Conventional thinking is that software‘tools’ equip professionals to do their work. Software as a Service (SaaS)applications have proliferated in recent years and include CRM tools, Accounting tools or eSourcing tools. Keelvar developed one such tool, a Sourcing Optimizer to manage bid events.
But this conventional thinking doesn’t apply to Intelligent Automation, whose sole purpose is to fully (or almost fully) automate entire processes so that the human user is taken out of the loop to focus on other activities that cannot be automated. If there’s no user, then how can it be a tool?
It’s not correct to refer to Intelligent Automation as a tool just as its not correct to refer to electricity, gas or data center hosting as tools. These are pieces of infrastructure so it’s a completely different category of offering that is sold differently, billed differently and used differently to SaaS tools
The benefits and rationale for Intelligent Automation are obvious and time savings are the clearest driver for adoption. Many businesses approach buying Automation in the same way they've approached the procurement of software tools. Namely, engage the front-line user base and get their views on the new technology. This is where the first mis-step can occur.
Procurement Setting - how Technology Buying must Adapt
Procurement technology teams' roles have traditionally been focused on equipping the procurement team with a set of tools. Spend Analytics, eSourcing, eInvoicing, Supplier Management are all examples of SaaS applications that abound in modern enterprise procurement settings.
However, Intelligent Systems for Automation are Infrastructure as a Service (IaaS) rather than a SaaS solution so now the technology selection must focus on whether Intelligent Automation can fully capture the existing process and automate it.
The conversation regarding needs is focused on the process owner such as a Category Manager’s needs. The set of stakeholders is much smaller and should be focused on senior management. Sourcing managers tend to feel threatened by Automation so involving users of eSourcing systems in discussions on Intelligent Automation (which was standard practice for SaaS tools) is usually counterproductive in Automation programmes and where opposition can be expected.
Billable Bot Actions
So how does billing work when there are almost no users? The billing model switches to one more similar to common infrastructure billing methods. Consider your electricity, gas or data center hosting as infrastructure and how consumption is metered and billed proportionately. A key consideration for technology budgets tends to be predictability.
Keelvar has come up with a new concept that hasn’t been seen in Procurement before. A founding principle for a fair and predictable billing model is to capture the notion of ‘work done’ and measure throughput by counting Bot Actions that replaced the work that a human would have conducted using a SaaS tool.
Examples of Billable Bot Actions are:
1. Looking up the requested good/service rate card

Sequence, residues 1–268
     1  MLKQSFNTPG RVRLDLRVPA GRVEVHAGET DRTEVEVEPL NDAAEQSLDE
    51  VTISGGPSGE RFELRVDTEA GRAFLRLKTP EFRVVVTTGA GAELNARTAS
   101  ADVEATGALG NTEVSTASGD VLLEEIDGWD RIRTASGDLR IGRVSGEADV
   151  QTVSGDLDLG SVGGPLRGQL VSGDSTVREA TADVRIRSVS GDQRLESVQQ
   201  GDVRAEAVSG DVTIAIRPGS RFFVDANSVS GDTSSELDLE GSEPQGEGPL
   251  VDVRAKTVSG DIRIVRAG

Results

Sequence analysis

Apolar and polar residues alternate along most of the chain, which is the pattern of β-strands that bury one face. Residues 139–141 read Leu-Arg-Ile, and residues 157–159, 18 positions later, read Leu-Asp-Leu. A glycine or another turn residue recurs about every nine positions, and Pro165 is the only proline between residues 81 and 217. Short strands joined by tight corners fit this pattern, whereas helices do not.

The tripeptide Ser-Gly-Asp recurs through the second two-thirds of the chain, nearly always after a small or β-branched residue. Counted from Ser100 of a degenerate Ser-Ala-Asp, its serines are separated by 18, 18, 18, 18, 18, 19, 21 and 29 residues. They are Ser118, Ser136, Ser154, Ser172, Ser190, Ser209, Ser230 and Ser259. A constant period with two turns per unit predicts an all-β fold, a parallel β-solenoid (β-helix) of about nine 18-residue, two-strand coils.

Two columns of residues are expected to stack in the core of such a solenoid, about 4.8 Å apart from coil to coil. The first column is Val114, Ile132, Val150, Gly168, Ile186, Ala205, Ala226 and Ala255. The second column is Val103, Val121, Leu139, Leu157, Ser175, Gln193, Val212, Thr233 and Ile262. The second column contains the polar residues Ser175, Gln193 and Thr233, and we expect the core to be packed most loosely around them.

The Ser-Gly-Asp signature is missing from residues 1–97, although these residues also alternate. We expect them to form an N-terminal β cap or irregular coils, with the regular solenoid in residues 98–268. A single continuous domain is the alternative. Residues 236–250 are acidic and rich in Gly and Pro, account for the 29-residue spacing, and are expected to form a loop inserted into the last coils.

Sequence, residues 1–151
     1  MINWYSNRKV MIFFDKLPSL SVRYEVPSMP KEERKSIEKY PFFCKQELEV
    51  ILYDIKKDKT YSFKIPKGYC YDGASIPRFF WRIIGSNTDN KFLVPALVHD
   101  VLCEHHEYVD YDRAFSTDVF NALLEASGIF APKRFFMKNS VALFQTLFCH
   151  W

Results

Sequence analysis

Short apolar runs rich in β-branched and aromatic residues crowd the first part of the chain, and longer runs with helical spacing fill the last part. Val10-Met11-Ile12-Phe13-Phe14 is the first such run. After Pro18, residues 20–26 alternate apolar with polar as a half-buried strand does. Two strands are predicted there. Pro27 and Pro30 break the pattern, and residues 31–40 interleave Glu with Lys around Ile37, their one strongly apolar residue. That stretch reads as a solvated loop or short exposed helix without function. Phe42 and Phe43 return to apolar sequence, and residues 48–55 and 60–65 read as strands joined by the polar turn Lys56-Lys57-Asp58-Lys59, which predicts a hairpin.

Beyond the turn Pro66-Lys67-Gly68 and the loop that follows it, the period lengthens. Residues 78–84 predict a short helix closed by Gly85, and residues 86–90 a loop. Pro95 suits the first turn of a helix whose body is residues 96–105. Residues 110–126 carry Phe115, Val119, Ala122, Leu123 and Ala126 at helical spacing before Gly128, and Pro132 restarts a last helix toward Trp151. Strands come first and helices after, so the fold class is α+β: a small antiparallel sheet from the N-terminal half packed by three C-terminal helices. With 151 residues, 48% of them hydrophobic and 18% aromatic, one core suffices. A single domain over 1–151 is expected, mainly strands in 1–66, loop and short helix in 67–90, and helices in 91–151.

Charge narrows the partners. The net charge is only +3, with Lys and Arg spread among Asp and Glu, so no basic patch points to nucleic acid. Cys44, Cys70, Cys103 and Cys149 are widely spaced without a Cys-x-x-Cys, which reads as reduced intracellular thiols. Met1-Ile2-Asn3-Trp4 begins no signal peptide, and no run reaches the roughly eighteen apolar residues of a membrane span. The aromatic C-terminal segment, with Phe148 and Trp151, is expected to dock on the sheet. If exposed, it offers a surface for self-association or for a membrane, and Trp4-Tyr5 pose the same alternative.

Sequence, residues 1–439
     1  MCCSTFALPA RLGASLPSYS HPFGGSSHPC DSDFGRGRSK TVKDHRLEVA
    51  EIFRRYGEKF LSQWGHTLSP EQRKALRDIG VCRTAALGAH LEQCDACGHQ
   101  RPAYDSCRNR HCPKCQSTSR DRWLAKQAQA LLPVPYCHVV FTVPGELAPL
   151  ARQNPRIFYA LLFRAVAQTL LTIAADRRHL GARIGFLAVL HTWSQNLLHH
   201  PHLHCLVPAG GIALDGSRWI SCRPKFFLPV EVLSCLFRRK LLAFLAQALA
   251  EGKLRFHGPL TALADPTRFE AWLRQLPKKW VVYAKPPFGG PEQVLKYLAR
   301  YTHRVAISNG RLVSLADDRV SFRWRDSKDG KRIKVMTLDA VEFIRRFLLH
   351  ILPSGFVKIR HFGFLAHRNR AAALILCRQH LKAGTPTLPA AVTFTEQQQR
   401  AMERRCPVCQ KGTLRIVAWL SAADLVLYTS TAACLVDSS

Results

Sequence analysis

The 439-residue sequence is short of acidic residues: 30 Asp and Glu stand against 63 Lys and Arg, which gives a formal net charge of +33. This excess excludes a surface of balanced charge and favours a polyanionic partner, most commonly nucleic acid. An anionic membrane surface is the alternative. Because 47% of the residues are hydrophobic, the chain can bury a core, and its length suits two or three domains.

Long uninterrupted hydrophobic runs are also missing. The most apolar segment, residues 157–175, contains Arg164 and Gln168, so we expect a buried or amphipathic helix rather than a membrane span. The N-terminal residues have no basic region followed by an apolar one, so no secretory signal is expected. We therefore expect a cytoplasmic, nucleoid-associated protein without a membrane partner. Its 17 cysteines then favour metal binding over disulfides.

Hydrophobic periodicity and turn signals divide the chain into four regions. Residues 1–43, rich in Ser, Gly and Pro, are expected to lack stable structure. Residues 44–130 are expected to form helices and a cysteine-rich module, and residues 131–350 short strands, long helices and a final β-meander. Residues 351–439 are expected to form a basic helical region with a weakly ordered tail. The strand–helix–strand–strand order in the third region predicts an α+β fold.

2. Seeking nearest alternatives the requested item if exact match isn’t present
3. Generate correct lane scope by looking up the liner country list
4. Generate a request summary for category managers
5. Message category managers
6. Determine invited suppliers
7. Message invited suppliers with invites / reminders
8. If all eligible suppliers have bid,message the category managers
9. Autopilot round opening/closing
10. Evaluate scenarios (including non-cost objectives) to generate award recommendation
11. Generate an award summary for category managers
12. On award, update the rate card
13. Message the awarded and losing suppliers
14. Message the original requester
Usage Tiers of Bot Actions
Enterprise procurement teams love economies of scale so are right to ask how their unit costs decrease as throughput increases. This is a fair and reasonable expectation so we came upwith the notion of Tiers of Bot Actions to capture the decreasing marginal cost of Bot Actions as throughput increases.
If a basic RfQ or Auction is conducted by a Sourcing Bot, the number of Bot Actions is between 8-20 depending upon the complexity of the process that is automated. If each Billable Bot Action costs less than $1, then the cost per auction or RfQ is approximately one or even two orders of magnitude (yes that is 10x to 100x times) cheaper to run than a conventional eSourcing project operated by manual labor.
This is a radical change and indicative of the type of truly transformative Digitalization that enterprises are seeking.
Digital Transformation requires Intelligent Automation
Intelligent Automation for Sourcing delivers Digital Transformation in a way that conventional SaaS systems cannot because speed at enterprise scale requires side-stepping education of thousands of users. Encoding a corporate sourcing strategy programmatically and centrally can deliver agility, speed savings and compliance.
Contact us today to talk about your requirements, and to discuss how Sourcing Optimizer, Sourcing Automation or Fulfillment Optimizer can transform your sourcing process.